As much as possible lately, I abandon our paved bike paths and strike out across a large soccer field near our house. (I mentioned this last time I posted here.)
This morning as I crossed the street and passed a man shoveling his driveway, I began to ponder how I would answer, were he to notice and ask why I insisted on trekking across a field in deep snow.
This is why:
To feel deeply connected and utterly whole and alone at the same time.
To resonate with the silence beneath the honking of geese as they descend to the pond; the silence beneath the humming of tires as a car moves along the street; the silence beneath the soft thump of my boots as I move across my field; the silence beneath the snow, beneath the field, beneath all that is.
To be lost and boundless and boundary-less in a world of endless white; to be the first to create a way, a path, into that world.
To challenge myself to tromp from the bottom of the hill to its highest point, to force air into my lungs; to breathe more deeply and notice how very alive I am.
To touch the memory of an earlier self, who used to ski in Colorado every week, and at Tahoe every year.
To experience again the unique sound of crisp dry leaves beneath fresh snowfall in the narrow channel that runs through the park.
To let myself feel the cold instead of fighting it, or bracing myself against its intensity.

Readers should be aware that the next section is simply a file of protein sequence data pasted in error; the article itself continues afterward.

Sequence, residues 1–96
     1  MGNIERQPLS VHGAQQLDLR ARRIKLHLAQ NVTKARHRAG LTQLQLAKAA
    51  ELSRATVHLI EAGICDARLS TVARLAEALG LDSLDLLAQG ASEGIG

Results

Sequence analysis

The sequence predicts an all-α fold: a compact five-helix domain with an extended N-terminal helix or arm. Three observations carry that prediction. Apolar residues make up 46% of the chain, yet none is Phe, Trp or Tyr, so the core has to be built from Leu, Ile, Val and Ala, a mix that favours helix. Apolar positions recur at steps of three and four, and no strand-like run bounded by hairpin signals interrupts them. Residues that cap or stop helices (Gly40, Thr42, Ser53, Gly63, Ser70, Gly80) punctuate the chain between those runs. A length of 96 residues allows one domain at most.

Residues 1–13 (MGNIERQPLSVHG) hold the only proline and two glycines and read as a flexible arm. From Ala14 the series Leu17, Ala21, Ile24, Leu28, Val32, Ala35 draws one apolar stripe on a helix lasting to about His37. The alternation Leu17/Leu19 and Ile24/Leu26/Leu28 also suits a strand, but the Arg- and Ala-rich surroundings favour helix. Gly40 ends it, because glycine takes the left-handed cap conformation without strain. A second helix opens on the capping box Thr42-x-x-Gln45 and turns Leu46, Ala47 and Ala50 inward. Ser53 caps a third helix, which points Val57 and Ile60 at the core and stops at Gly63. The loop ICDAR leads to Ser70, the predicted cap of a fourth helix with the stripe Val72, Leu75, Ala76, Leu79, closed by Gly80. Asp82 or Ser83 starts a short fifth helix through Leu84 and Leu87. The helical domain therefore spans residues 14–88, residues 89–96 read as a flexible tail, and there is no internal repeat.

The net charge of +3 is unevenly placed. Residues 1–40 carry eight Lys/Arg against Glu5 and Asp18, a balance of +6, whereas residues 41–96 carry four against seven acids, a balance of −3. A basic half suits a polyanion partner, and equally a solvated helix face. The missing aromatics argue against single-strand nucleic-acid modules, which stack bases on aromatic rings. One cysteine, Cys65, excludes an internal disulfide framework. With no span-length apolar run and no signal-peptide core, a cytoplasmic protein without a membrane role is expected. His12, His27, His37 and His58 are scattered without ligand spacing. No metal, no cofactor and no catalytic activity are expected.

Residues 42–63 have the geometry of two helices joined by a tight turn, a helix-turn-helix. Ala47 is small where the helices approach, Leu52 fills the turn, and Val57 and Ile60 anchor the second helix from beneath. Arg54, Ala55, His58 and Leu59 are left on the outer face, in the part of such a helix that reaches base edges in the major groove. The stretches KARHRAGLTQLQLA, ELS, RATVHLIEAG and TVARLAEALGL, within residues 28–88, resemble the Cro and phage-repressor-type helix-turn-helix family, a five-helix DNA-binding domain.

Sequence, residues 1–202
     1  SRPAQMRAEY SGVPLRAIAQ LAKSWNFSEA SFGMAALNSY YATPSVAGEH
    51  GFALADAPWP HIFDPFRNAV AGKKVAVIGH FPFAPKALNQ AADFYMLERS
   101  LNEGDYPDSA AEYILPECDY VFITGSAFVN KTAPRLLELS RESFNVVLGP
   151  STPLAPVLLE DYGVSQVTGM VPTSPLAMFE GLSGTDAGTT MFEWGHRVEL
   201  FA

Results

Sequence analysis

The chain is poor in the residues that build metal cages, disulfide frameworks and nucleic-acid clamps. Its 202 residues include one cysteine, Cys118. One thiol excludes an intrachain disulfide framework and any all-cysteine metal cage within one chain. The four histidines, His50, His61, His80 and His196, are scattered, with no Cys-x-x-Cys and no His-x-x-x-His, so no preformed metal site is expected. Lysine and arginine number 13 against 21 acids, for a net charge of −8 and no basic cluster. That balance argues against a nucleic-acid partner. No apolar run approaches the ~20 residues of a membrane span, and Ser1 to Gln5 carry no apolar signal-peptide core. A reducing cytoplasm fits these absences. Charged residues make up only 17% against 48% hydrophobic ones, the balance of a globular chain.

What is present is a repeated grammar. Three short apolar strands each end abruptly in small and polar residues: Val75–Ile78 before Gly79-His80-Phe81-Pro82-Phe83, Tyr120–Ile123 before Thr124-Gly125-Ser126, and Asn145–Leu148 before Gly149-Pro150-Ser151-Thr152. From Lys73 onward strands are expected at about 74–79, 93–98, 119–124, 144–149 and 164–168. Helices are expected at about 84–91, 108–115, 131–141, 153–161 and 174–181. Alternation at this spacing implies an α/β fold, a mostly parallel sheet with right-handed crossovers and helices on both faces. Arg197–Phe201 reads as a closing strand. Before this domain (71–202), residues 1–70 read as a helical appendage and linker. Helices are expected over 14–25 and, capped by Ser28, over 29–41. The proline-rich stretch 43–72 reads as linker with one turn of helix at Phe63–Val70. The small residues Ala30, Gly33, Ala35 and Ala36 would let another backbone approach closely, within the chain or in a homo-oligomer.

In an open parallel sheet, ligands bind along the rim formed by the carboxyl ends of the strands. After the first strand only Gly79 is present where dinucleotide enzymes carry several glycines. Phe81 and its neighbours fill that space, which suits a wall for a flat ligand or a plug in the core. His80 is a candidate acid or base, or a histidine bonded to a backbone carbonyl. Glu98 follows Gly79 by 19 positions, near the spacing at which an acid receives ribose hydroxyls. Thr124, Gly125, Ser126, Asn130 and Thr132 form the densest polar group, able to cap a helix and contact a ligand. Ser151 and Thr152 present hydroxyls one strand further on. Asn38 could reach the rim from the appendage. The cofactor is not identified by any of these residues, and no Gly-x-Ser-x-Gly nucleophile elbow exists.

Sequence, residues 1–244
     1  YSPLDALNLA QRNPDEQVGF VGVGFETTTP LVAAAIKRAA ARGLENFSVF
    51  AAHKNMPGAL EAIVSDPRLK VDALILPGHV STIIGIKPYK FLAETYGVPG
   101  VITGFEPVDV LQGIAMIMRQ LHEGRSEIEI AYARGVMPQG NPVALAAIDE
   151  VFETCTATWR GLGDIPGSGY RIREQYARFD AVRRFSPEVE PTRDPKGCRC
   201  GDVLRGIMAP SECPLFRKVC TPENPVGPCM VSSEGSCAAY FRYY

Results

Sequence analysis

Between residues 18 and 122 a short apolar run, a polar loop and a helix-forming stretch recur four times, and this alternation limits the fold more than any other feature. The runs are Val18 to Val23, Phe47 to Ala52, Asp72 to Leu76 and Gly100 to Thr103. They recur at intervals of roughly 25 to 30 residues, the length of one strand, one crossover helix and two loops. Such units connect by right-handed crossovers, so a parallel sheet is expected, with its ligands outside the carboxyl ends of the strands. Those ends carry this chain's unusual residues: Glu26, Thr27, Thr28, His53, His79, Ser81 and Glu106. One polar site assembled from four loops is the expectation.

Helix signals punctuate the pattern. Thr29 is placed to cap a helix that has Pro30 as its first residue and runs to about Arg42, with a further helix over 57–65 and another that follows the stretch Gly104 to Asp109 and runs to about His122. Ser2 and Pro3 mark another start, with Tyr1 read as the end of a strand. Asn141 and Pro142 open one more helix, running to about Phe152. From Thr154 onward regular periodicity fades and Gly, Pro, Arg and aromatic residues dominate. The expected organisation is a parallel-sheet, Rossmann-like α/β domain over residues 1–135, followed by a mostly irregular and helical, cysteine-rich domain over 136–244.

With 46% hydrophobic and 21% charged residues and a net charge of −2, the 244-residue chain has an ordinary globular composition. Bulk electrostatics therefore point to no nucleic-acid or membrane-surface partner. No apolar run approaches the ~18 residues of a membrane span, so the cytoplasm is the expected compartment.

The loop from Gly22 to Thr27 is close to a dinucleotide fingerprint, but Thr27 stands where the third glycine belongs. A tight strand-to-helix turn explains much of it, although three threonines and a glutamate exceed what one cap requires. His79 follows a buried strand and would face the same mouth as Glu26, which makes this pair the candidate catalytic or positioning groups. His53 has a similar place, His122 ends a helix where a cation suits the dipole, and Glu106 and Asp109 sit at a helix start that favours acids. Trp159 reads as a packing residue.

On my way back, after circling the small lake, and trudging through the channel, and up the hill, I follow the urge to sit, and then to lie down. On impulse, I make a snow angel. I let the cold sink into my backside. Snow covers my jacket and jeans.
I stand and admire my creation, laughing, and as I shake off what I can of the snow, I wonder what's become of the man who was shoveling. Maybe he went indoors to get his phone and now texts travel up and down the block, neighbor-to-neighbor.
"She's out there again, the Lost Loony Lady. Today she think's she's six!"
Maybe they've witnessed it before, like the time I lay down on the earth, looking up into the deep evening sky of autumn, loving the moon and feeling the moon love me back. Or when I circled the field, lacking prayer beads or a labyrinth, contemplating my steps in heart meditation.
Say it's the gypsy in me, as Jack does, or the Inner Child, or the Wild Woman. I'm in love.